The Planet Can’t Survive Without The Amazon – Here’s Why

The Amazon rainforest is called the "lungs of the planet" for a reason.


The fires in the Amazon aren’t just devastating for the local communities and the wildlife who inhabit the world’s largest rainforest — they’re also catastrophic for the entire planet.

The Amazon has earned the nickname of “the lungs of the world” because of its essential role in not only providing 20 percent of all the world’s oxygen, but also absorbing carbon dioxide from our atmosphere. So as a record number of fires continue to burn in the Amazon — this year, there have been more than 72,000 fires, an increase of 83 percent from January to August of last year — we’re being forced to ask: What would the world look like without the Amazon?⁠⠀⁣

An aerial view of an area of land that has been scorched by fire in the state of Mato Grosso, Brazil, 20 August 2019

⁠In addition to the loss of oxygen, the Amazon plays a crucial role in regulating the planet’s temperature — therefore slowing climate change — by absorbing carbon dioxide and lowering levels of greenhouse gases; if the rainforest were to disappear due to fire, drought, and deforestation, it would become a source for carbon dioxide instead of being a sink for it. ⁠⠀⁣
The Amazon Basin makes up 20 percent of the world’s fresh water supply, which is used by the people both to drink and live, and also as hydropower. The water in the Amazon also affects global weather, and if it were to dry up, the rainfall patterns all over the world would have significant effects on agriculture and life all over the planet. ⁠⠀⁣
The loss of the Amazon would also mean millions of people losing their home, along with more than 3 million species of plants and animals — many of which have yet to be cataloged. ⁠⠀⁣
You can help by donating to organizations like @RainforestAlliance and @AmazonWatch; reducing your consumption of meat, dairy, wood, paper, and palm oil; and making sure you’re making purchases that are rainforest-safe.


What can you do to help?

Disasters like those in the Amazon basin leave us feeling helpless – what can you do, for example, far away in Europe or even in the US, Canada or Australia against forest fires in Brazil or Bolivia? One can at least try not to contribute to the bigger problems that cause such accidents:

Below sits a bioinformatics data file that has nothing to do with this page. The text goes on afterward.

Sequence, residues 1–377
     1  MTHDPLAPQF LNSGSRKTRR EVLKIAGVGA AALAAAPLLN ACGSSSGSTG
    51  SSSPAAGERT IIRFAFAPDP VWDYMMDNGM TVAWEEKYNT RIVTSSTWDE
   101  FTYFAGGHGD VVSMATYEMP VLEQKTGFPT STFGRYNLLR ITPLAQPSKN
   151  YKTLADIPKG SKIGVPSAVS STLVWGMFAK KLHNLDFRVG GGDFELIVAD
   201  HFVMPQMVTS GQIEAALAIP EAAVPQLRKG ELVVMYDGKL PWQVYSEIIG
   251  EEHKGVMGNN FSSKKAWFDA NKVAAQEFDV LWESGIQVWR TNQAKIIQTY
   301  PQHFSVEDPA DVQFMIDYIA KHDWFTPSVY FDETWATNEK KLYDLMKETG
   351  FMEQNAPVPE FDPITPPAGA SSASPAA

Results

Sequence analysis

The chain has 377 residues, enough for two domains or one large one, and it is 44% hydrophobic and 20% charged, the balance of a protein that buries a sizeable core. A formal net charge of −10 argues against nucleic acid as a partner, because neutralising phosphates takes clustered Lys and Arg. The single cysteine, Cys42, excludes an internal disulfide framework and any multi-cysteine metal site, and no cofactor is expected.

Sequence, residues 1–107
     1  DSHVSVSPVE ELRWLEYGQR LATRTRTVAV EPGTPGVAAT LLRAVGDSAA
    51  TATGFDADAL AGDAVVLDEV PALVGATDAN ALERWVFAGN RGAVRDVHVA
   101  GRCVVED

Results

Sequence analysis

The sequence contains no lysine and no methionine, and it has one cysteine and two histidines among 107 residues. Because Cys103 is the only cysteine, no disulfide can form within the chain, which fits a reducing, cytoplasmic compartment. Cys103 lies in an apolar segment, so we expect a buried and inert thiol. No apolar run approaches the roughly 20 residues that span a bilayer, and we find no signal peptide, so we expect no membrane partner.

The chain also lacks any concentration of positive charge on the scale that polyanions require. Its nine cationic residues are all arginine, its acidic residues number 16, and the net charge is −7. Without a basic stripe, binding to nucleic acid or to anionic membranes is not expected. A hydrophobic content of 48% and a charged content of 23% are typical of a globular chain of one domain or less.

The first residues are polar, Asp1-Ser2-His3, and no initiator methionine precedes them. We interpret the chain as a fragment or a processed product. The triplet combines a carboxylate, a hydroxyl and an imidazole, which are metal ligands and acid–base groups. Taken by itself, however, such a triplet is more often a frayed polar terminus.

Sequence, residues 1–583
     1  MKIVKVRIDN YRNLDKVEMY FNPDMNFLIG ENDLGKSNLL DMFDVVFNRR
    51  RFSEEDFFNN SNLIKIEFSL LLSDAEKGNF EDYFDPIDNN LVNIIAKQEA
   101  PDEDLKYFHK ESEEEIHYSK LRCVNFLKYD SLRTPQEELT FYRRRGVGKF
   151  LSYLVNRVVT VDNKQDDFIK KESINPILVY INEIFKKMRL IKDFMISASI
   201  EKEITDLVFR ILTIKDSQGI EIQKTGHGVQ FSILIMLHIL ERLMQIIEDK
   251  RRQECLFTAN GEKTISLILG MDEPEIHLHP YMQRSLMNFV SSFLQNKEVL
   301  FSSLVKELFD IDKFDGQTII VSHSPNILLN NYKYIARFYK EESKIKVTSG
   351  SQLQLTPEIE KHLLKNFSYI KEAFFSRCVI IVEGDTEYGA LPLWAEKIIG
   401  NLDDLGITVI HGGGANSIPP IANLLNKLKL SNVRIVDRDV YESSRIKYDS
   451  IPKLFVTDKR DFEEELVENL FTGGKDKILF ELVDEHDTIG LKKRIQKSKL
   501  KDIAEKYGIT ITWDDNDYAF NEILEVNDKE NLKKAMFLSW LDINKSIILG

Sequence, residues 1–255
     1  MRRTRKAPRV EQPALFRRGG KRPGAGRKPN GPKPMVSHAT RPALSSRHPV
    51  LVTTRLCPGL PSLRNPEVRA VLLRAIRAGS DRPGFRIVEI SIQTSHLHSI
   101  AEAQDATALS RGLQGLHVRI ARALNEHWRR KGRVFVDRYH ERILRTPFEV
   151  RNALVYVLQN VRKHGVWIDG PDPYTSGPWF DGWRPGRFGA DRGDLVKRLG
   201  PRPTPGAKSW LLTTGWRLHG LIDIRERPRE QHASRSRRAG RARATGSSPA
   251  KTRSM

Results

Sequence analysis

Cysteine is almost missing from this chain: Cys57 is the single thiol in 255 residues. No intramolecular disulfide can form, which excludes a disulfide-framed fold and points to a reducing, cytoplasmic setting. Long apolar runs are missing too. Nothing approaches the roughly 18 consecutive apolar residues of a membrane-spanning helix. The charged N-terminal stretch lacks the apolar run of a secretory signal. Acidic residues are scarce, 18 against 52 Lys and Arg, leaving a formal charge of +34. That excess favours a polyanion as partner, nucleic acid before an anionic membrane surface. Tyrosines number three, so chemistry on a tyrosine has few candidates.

• Do not buy meat imported from South America.
  • Do not buy meat from industrial factory farming: The animals are fed with soybeans for which possibly rainforest was burned. (For the sake of the environment, eat less meat anyway.)
  • Avoid (conventional) palm oil – rainforest is also logged and burned for that.
  • Support afforestation projects



  1. LOL. Oh, so now the Amazon RF is important??
    What a bunch of no nothing hypocritical palabra.
    You see it wasn’t important, when all you heard was. “” OH LOOK AT BRAZIL, HOW WONDERFUL THE USE OF ALCOHOL FOR FUEL. WE SHOULD BE MORE LIKE THEM… *
    Yeah, all those acres of RF
    being slash burned to grow sugar cane for alcohol.
    We tried to say something, but of course we’re shouted down as typ by the greenie ,
    “we are smarter than you”
    Ultra libs, who wouldn’t know John Muir if he was sitting across the table from them.
    Joe Jarrett
    Pueblo, Colorado

  2. I’ve been following this both online and on my science podcasts. I understand the concept behind the phrase “lungs of the Earth” but can’t find any citations to back the figure used with that phrase of 20% of the world’s oxygen. Do you have this study on hand? I need it for my own articles.

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